Apple vs Palm & 3rd Party Apps
The New York Times has just posted an intriguing article regarding the closed ecosystem of AT&T and Apple’s iPhone. Written by Saul Hansell, the piece attempts to shed some light on the myriad of issues surrounding the notoriously closed environment fostered by both Apple’s and their sole domestic provider of choice, AT&T Wireless (formerly Cingular).
Palm's Mark Bercow, the senior vice president of business development is quoted several times within the article on his role of chief evangelist of the Palm OS to the software development community. In short, Mr. Bercow states that the industry trend is heading towards openness of platforms and standards, something which stands in distinct contrast to the ironclad grip that both Apple and AT&T wield over nearly every aspect of the much-ballyhooed yet much-maligned iPhone.
For the most part, Palm has long enjoyed a positive relationship with their 3rd party developers, often touting the Palm OS’s strength of “thousands” of available software applications. For the time being, it would seem to behoove Palm to continue to play on the openness of its OS and the huge installed base of applications. Of course, doing so would place even greater importance on maintaining some sort of backwards compatibility layer in Palm’s future Linux-based “Palm OS II”.
Mr. Bercow does not make any statements one way or another regarding Palm's future OS plans, short of discussing Palm's rather lenient rules regarding 3rd party development. Interestingly enough, no mention is made within the article that the actual Garnet OS code employed by Palm on much of its Treo line is actually owned by Japan’s Access Software and licensed to Palm Inc. under terms of a perpetual licensing agreement.
Another interesting figure revealed in Hansell’s article is the statistic given by Palm that 2/3 of Treo owners purchased at least one third-party application. Then, quite surprisingly, Palm claims that ten percent of those users own ten or more third-party applications. It would be quite interesting to see any available data on what percentage of those Treo owners have decided to pay for full-featured or upgrade versions of the software Palm bundles with their devices. For example, most recent Palm Treos have shipped with some version of Dataviz’s Documents To Go v8.x, despite the fact that v10.001 is the most recent version of that application.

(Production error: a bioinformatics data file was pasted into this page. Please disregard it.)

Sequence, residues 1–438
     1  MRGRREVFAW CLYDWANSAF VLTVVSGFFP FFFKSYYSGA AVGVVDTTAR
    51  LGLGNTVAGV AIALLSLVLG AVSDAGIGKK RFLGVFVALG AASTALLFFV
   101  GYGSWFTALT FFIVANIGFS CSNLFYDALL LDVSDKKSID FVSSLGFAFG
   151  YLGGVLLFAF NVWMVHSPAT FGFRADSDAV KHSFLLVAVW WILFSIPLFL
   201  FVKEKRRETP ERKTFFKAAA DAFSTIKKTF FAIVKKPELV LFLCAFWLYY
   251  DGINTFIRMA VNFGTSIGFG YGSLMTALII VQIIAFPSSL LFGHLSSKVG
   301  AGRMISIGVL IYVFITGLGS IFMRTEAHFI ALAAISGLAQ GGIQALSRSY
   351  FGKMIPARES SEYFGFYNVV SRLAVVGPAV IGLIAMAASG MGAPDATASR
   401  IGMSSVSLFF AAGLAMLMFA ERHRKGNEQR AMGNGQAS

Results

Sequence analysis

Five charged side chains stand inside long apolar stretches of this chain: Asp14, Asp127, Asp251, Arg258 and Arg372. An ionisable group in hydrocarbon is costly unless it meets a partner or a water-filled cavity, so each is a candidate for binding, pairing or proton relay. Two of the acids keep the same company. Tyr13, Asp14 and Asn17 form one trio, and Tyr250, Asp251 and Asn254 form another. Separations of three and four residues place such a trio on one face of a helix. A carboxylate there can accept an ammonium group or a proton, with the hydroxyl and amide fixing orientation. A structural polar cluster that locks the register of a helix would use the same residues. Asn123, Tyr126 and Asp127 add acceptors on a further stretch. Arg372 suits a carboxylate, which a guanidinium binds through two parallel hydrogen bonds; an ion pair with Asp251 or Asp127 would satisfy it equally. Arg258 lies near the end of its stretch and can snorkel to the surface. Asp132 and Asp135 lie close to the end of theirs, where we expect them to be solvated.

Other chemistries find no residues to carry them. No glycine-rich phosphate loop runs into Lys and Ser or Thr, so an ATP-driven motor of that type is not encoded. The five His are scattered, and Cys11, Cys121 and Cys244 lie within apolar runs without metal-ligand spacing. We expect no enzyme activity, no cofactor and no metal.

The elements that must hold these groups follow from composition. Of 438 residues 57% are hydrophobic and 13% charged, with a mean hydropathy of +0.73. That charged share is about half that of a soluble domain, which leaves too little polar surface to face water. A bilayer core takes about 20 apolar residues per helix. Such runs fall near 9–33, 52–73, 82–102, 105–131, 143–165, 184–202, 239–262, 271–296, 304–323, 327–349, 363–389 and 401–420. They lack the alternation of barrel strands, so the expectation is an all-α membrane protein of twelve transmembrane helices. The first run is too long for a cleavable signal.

One facet behind Apple’s fierce control over the iPhone’s available applications can possibly be found in Palm’s recent past. The fragmented nature of the Palm OS developer community, combined with historically difficult relationships between smaller software developers and Palm/PalmSource have led to, at best, numerous instances of “broken” applications from one device to another. At worst, many developers have chosen to cancel or scale back all Palm OS development, due in some part to the various tinkering performed to the OS 5.x kernel by Palm over the past five years.
In a recent example, only Palm’s new $99 Centro ships with Normsoft’s Pocket Tunes 4 Deluxe, a $37.95 add-on for any other Palm device. All of Palm’s other Treos and PDAs bearing higher MSRPs than the Centro ship with only Pocket Tunes 3.x Basic, RealPlayer, or no MP3 functionality at all. This increased emphasis on bundled software is a win-win situation for Palm’s users but the increased out-of-the-box functionality might irk certain Palm 3rd party developers, somewhat mirroring the European Union’s protests against Microsoft’s pre-installed Internet Explorer and Windows Media Player on Windows-based PCs. While the NYT article does not offer any speculation or possible conclusions, Apple could be trying to intentionally avoid a similar situation, at least during the iPhone’s initial year on the market.